For these reasons we are of the opinion that the exceptions have no merit, and we therefore dismiss them.

Exceptions dismissed.

Court of Common Pleas of Lancaster County

Horace L. Skiles, Ex'r of Ella Doerr, dec'd, v. Peoples Trust Co., guardian

of Leon Umble. Gift-What constitutes-Certificate of deposit-Bank credit in name of

donee-Declaration of trust.

The plaintiff's decedent paid a certain sum of money to a bank for which she obtained a certificate of deposit carrying interest, in the name of Leon Umble, her five-year-old minor son, whose father was dead, and also deposited a certain sum of money in the bank, starting a new account subject to check, in the name of "Leon Umble per Ella Doerr.” She then placed the certificate and bank book in a box in the bank with instructions, in case of her death, to deliver it to the plaintiff, her executor. On her death the certificate and the bank account were claimed by her executor and also by the guardian of her son. Held, that the guardian was entitled to the certificate of deposit, which represented a valid gift inter vivos, but that the sum deposited subject to check was not a complete and valid gift and should go to the executor.

If the retention of the certificate by the decedent in her son's name was for her benefit and not his, the burden was on the plaintiff to show it.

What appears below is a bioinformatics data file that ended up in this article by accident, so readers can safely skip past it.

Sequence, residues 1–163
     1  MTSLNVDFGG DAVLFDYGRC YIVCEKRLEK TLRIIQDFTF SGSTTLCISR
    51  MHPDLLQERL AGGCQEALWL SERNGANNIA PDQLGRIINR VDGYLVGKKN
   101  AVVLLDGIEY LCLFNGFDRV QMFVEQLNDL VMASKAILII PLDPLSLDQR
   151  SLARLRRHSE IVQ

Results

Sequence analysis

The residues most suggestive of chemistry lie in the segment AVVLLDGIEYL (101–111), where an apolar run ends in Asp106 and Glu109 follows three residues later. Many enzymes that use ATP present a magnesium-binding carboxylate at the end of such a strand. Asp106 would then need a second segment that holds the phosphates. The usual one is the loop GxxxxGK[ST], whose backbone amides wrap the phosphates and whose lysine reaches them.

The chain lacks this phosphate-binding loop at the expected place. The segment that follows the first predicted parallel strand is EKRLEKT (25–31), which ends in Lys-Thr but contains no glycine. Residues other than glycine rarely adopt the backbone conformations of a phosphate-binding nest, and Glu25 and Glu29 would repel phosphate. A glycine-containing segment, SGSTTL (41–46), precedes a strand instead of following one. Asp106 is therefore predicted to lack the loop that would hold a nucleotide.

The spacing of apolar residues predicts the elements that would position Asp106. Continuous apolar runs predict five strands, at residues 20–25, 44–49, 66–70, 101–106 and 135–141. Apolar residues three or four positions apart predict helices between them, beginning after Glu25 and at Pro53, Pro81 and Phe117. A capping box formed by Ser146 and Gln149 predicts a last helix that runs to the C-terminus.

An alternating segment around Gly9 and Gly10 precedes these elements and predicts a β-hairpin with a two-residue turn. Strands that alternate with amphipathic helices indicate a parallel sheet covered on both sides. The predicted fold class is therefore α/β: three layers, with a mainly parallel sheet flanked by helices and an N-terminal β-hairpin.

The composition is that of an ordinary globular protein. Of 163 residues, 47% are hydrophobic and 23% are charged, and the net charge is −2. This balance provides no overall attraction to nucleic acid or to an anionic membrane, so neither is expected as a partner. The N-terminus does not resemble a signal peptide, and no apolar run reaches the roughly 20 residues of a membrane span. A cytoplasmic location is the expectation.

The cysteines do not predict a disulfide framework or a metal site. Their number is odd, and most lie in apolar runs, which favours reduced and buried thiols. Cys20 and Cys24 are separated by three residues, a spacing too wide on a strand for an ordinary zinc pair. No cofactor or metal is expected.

In order to constitute a valid gift inter vivos there must be both an intention to make the gift then and there, and such actual or constructive delivery at the same time to the donee as divests the donor of all dominion over the subject and invests the donee therewith.

What is clearly intended as a gift but is imperfect as such, cannot be given effect by construing it as a declaration of trust.

Feigned issue. December Term, 1919, No. 81.
Charles W. Eaby and F. S. Groff, for plaintiff.
John A. Coyle, for defendant.
October 23, 1920. Opinion by HASSLER, J.

This case has been submitted to us for trial without a jury. It is an issue to ascertain which of the parties claiming them is entitled to a certificate of deposit, and a deposit of money in bank subject to check. Both have been paid into Court upon the application of the New Holland National Bank, against which an action has been brought by one of the parties. The facts are not in dispute, and are as follows:

1. On September 24, 1918, Ella Doerr, plaintiff's testatrix, paid to the New Holland National Bank sixteen hundred and thirteen dollars and forty-one cents ($1613.41), and obtained a certificate of deposit, numbered 6211, for that amount in the name of Leon Umble, payable to his order, with interest at the rate of three per cent.